We were the only ones that also had a stove and when it was very cold the neighbors would come to warm up. On the floors there were carpets. In front of my grandparents’ room was a storage space under the floor, where we would put our suitcases etc. In this storage space I was saved later.

 

My sister had been hiding with the Karounidis family, who were ship-owners, while I went to a house in Pangrati to baby-sit a child. However, I didn’t stay as the man of the family behaved with what we describe today as sexual harassment, and this is why I left within a week and returned home. After I left, I stayed at my aunt’s so that I could be with my cousin May.

 

This is when my uncle learned about the new racist legislation, so we left and hid in Agia Paraskevi. There, there was a farm, but as we were afraid that the local people had understood that we were hiding, we left and went to stay at Tavros. The house was owned by the aunt of Koula, the Christina fiancée of the son of Nissim, who lived in Paris.

 

But even there, my uncle recognized somebody working at a neighboring farm, who used to work at a grocery shop in Kolonaki, and so we were forced to move from there too. I went back to our apartment, my uncle hid close to the Acropolis and my aunt with her daughter May, who had finished German studies in Dresden, Germany, found a job as an in-house teacher of German for the child of some lady. As for myself, I once again had to find a place to hide.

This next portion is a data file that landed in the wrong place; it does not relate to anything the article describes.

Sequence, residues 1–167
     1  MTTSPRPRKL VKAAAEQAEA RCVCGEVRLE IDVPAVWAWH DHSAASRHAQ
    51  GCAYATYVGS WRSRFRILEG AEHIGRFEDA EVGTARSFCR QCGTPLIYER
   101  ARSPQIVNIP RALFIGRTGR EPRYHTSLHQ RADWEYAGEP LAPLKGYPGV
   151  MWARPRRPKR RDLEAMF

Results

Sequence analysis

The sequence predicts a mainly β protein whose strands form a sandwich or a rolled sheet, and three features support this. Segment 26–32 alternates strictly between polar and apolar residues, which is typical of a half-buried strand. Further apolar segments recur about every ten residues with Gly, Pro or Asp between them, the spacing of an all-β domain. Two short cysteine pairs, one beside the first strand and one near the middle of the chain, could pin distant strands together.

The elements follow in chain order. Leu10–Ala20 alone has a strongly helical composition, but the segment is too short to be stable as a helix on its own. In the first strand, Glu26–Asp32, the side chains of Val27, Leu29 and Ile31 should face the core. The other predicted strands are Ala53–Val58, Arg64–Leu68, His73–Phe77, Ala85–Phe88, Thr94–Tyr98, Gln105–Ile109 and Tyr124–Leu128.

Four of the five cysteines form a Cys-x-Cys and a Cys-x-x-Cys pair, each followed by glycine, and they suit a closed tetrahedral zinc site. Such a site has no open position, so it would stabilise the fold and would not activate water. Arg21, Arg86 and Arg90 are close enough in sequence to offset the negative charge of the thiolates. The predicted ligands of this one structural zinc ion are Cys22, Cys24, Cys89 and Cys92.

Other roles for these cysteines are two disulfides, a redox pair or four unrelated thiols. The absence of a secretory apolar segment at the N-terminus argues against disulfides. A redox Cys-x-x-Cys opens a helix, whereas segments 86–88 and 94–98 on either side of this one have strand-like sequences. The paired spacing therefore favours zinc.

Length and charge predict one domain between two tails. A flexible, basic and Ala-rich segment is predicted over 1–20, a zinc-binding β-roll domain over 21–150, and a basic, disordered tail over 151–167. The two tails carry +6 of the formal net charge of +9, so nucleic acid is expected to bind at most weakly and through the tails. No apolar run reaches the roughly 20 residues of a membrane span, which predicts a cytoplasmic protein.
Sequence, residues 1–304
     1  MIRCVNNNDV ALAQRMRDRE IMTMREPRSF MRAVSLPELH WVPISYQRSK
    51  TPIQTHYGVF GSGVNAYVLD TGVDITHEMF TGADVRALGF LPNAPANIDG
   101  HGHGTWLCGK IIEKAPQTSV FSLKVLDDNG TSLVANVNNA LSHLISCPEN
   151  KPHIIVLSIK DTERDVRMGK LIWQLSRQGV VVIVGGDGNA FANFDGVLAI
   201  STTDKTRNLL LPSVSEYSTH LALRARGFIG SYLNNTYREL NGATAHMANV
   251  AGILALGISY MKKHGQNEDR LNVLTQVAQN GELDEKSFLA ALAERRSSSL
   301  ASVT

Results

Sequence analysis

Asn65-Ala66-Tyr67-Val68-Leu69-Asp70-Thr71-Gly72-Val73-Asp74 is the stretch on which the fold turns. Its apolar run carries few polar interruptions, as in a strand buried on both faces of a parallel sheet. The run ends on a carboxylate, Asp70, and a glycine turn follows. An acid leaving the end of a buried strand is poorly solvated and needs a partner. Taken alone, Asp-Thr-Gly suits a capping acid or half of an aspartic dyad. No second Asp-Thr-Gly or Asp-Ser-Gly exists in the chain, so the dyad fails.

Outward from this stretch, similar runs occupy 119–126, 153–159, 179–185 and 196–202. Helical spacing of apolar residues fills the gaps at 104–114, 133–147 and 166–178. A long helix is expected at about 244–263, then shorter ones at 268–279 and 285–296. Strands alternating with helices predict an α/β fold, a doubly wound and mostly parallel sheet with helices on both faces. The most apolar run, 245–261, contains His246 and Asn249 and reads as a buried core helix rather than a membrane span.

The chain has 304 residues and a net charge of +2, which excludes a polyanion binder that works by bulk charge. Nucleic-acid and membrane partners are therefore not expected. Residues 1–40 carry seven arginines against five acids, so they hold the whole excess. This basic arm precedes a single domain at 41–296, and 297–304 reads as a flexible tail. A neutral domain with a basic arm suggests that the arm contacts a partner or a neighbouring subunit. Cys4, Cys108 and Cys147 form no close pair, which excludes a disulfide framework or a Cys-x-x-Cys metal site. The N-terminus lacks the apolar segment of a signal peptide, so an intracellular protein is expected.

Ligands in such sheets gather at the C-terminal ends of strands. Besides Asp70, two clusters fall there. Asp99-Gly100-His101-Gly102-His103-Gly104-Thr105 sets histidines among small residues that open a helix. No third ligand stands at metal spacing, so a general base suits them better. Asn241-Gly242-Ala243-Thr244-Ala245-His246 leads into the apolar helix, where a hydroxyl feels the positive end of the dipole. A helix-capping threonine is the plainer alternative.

My uncle Mario had a friend called Aristotelis Stamatiadis, who was working at the Ionian Popular Bank. He sent me to a friend of his in Ekali, I remember I went in the morning to the bank wearing a scarf and looking down so that nobody would recognize me. Mr. Stamatiadis took me to Mr. Telemachos Apostolpoulos, the bank manager. He died recently, at the age of 104, and he was included on the list of the Righteous Among the Nations [27] by Yad Vashem [28].

 

His sister, Toula, was the secretary of the National Bank manager, but she had been transferred to the office of Archbishop Damaskinos [29]. Damaskinos was a ‘shelter,’ protecting whatever you could imagine: communists, New Zealanders, who had fought with Australians and Greeks against the Germans, when Germany invaded Greece, Jews etc. My G-d how much he helped us [the interviewee starts crying]. I put myself in his position and ask myself would I risk as much as Archbishop Damaskinos did or Toula, or Memis, Telemachos. It happened because we were facing the same enemy, or maybe it is because we Greeks are great souls.